Immigration Reform Urgency Grows

Arizona Governor Jan Brewer signed into law Friday what many are calling the broadest, strictest state immigration law in decades.

April 27, 2010

3 Min Read
Immigration Reform Urgency Grows

Arizona Governor Jan Brewer signed into law Friday what many are calling the broadest, strictest state immigration law in decades.

In a statement about her decision to sign the controversial state Senate Bill 1070, Brewer said, “I’ve decided to sign Senate Bill 1070 into law because, though many people disagree, I firmly believe it represents what’s best for Arizona. Border-related violence and crime due to illegal immigration are critically important issues to the people of our state, to my Administration and to me, as your Governor and as a citizen.

“There is no higher priority than protecting the citizens of Arizona. We cannot sacrifice our safety to the murderous greed of drug cartels. We cannot stand idly by as drop houses, kidnappings and violence compromise our quality of life. We cannot delay while the destruction happening south of our international border creeps its way north.”

A tragic example of that reality came with the murder of Arizona rancher Rob Krentz March 27 (see Stocker Trends, April 13). Krentz and his dog were shot and killed, apparently by illegal aliens, while Krentz was checking fence and water on the family’s ranch.

“We hold no malice towards the Mexican people for this senseless act but do hold the political forces in this country and Mexico accountable for what has happened,” said the Krentz family in a statement. “Their disregard of our repeated pleas and warnings of impending violence towards our community fell on deaf ears shrouded in political correctness. As a result, we have paid the ultimate price for their negligence in credibly securing our Borderlands. In honor of everything Rob stood for, we ask everyone to work peacefully towards bringing credible law and order to our Border and provide Border Patrol and County Law Enforcement with sufficient financial resources and manpower to stop this invasion of our country. We urge the President of the United States to step forward and immediately order deployment of the active U.S. military to the Arizona, New Mexico Border.”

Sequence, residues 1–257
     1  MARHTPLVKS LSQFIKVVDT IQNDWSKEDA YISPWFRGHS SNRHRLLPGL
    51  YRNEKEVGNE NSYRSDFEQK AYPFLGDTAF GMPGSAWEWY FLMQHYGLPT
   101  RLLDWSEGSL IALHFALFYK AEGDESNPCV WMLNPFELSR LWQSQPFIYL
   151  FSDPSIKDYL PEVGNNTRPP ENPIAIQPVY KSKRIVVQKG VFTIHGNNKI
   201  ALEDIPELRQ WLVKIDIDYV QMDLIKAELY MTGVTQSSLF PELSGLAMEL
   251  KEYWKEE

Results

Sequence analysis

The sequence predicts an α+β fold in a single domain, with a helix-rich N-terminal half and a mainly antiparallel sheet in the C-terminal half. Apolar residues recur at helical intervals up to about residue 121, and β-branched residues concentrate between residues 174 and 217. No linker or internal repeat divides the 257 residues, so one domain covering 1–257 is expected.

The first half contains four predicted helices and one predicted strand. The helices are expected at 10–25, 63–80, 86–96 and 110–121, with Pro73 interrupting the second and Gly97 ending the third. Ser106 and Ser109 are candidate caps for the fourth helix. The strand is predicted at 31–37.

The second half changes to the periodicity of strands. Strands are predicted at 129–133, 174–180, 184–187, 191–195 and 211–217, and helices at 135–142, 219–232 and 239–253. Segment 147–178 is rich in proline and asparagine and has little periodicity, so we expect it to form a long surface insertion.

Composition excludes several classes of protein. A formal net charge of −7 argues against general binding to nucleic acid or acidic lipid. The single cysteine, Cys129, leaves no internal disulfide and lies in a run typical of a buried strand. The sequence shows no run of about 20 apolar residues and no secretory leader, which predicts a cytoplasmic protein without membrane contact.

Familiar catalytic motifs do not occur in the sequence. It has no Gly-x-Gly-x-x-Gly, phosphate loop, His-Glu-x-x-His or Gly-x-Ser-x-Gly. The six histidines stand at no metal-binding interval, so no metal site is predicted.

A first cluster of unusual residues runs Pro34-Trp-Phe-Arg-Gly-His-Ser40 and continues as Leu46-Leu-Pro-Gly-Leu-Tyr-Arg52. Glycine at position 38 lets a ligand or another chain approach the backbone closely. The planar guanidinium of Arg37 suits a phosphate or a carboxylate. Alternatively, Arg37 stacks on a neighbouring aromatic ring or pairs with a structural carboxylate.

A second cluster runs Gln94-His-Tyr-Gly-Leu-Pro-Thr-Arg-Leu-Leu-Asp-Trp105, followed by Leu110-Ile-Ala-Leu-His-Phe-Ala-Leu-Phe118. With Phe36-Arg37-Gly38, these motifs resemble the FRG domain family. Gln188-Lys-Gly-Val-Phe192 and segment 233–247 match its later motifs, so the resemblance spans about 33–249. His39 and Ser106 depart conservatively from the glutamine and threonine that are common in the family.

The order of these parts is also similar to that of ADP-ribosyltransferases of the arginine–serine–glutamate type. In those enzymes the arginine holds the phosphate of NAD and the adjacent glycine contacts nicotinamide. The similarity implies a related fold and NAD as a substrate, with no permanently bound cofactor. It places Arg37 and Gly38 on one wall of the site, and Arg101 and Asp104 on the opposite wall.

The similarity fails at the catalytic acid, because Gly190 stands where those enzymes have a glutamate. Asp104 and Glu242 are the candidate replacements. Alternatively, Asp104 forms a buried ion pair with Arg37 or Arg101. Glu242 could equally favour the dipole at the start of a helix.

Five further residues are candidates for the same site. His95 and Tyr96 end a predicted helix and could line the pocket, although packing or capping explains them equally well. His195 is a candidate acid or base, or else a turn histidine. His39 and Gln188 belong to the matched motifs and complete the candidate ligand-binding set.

“We in Arizona have been more than patient waiting for Washington to act. But decades of federal inaction and misguided policy have created a dangerous and unacceptable situation,” Brewer said.

In part, the new law helps law enforcement officials find, prosecute and deport illegal aliens.

It also promises to be a flashpoint for the simmering national debate over immigration reform. Before Brewer signed the law, proponents on both sides of the debate were lobbing rhetoric at one another. Before the governor’s signature was dry, President Obama decried the new law.

So, immigration reform as well as the debate over state rights promises to gain lots more attention this summer. In the meantime, border states are working to assume the federal government’s obligation to ensure national defense along the nation’s southern border.

A day before signing the new law, Governor Brewer announced an enhanced border security plan, saying, “The federal government has failed in its obligation and moral responsibility to secure our border. A government’s principle responsibility to its citizens is to provide safety and security. States have never been expected, even in prosperous economic times, to sustain the national defense of our borders. With the resources we have today, I am doing everything within my power to ensure and promote safety for our citizens along our southern border.”

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